August 08, 2014 | Matt Kucinski

Lauren Merz is spending this summer at a research lab in Ann Arbor.

Lauren Merz
Year: Senior
Major: Kinesiology and Spanish
Hometown: Spring Lake

Where are you?

University of Michigan in Ann Arbor, MI

Why are you there?

I have a research fellowship at the Frankel Cardiovascular Center.

What's your typical day look like?

At 8 a.m. I take the bus to the lab, and I run my experiments. This can vary depending on the day. Sometimes I’m doing hands-on work with the mice, sometimes I run different tests on tissue samples and sometimes I’m analyzing data to present at the research symposium in August. I’m usually in the lab until five or six, sometimes even later. I love the work because no two days are the same. There is always something new and exciting to do and to learn. 

What are you doing?

My lab researches the mechanisms of genetic cardiomyopathies (diseases of the heart muscle), specifically those seen in patients with muscular dystrophy. I’m working on a couple projects, but my primary research studies nitric oxide signaling. In muscular dystrophy patients, there is reduced nitric oxide production. Nitric oxide is important because it helps dilate blood vessels during exercise which is necessary for proper heart function and prevention of excessive post-exercise fatigue. There are a lot of steps in the process of producing nitric oxide, and if even one of these steps is missing then the whole mechanism is thrown off. We introduced a gene into a strain of mice that enhances one of the earlier steps in the nitric oxide mechanism. We hope that this gene might reduce the post-exercise fatigue response in muscular dystrophy mice. This knowledge could help us better understand muscular dystrophy as well as help us develop new, more effective methods of treatment. 

How has Calvin prepared you for this?

I am a kinesiology major with a biochemistry minor, and this pairing gives me a holistic understanding of human physiology. As a kinesiology major, I learn how stressors like disease or exercise affect human physiology. My biochemistry minor provides a strong foundation in the molecular side of science that has been key in understanding the structure and function of things that I work with every day in the lab, like proteins and DNA.

What has surprised you so far?

The amount of responsibility and independence I have in the lab. Some experiments are very complicated, can take days to complete, and use expensive chemicals and machinery. I am usually briefly shown the procedure or how to use the equipment, but then I am trusted to run the experiment on my own and produce honest results. It’s been especially exciting to run experiments where we don’t know the outcome, analyze the data, and help the lab learn something new and previously undiscovered.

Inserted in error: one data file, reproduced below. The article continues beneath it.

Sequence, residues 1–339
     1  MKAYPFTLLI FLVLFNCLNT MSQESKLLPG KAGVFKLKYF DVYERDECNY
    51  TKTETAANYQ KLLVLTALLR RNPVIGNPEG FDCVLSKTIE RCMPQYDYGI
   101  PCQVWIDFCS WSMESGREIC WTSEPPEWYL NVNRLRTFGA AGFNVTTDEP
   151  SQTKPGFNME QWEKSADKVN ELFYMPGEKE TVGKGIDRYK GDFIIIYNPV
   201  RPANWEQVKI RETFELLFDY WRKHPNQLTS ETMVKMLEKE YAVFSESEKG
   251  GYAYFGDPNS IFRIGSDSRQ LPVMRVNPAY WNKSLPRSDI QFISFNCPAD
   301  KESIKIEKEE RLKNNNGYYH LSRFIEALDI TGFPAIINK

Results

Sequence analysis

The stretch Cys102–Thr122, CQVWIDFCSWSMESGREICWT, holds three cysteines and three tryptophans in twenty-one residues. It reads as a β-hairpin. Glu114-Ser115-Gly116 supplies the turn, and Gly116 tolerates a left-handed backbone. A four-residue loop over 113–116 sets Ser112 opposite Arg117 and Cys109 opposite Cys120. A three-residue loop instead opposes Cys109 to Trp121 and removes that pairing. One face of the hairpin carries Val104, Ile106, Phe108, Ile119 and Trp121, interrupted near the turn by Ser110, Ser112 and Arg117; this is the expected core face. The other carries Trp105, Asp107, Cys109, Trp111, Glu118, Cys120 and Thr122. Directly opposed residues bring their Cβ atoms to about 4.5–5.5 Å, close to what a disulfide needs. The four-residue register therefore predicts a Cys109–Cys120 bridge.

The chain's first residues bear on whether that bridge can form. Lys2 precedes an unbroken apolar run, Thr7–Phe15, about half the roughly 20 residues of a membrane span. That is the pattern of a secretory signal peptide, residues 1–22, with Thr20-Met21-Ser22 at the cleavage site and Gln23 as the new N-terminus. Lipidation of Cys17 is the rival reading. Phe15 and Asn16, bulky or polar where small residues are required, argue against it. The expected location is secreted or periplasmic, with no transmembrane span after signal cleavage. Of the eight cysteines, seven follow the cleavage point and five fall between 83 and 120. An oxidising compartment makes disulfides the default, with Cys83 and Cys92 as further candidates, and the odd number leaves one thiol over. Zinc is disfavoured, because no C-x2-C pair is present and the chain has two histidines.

How do you see this experience shaping your future?

This experience has helped me understand the importance of innovative research in providing better treatments and even cures for many human diseases. I love being a part of a community that values learning and continually discovers new things. I’m hoping to continue doing research in medical school as well as integrate it into my future career as a physician.     

Best food you've eaten?

Ann Arbor has so many great restaurants with such unique food that it’s hard to choose just one! The pesto fries from Ashley’s are incredible, and I love the falafel from Jerusalem Garden. I think my favorite so far is the pulpo (fried octopus) from Aventura, a Spanish tapas restaurant. I spent a semester in northern Spain, and dishes like pulpo bring back great memories of my host mom’s amazing meals.

Best picture you've taken?

I’ve taken a lot of pictures of normal and diseased cardiac muscle cells with a fluorescent microscope. The muscle samples are treated so that under a certain type of light the cells appear in shades of red or green with the certain spots lit up and glowing. It is visually very beautiful, but it is also amazing to see individual cells in such perfect detail.

Met anybody memorable?

Once a week I attend a seminar with a handful of other research fellows where we hear about the work and recent findings of one of the labs. Many of these presenters are renowned in their field, and it is a privilege to learn from such respected researchers.  Although the people I meet in the seminars are interesting, I think the people in my own lab are by far the most memorable. They are so knowledgeable and kind which makes the lab really enjoyable. In a round of insane Dutch bingo, the principal investigator (Dr. Dan Michele) and I figured out that we attended the same elementary school, middle school, high school and college. My mom was also his music teacher in middle school. I definitely won’t forget that crazy connection! 

What's gone wrong?

There have been some experiments that I spend multiple days running, and in the end the results are inconclusive or invalid for one reason or another. It’s frustrating to spend so much time and energy on an experiment without good results, but every mistake or dead-end helps me learn how to design and conduct a better experiment for the next try. 

Recent stories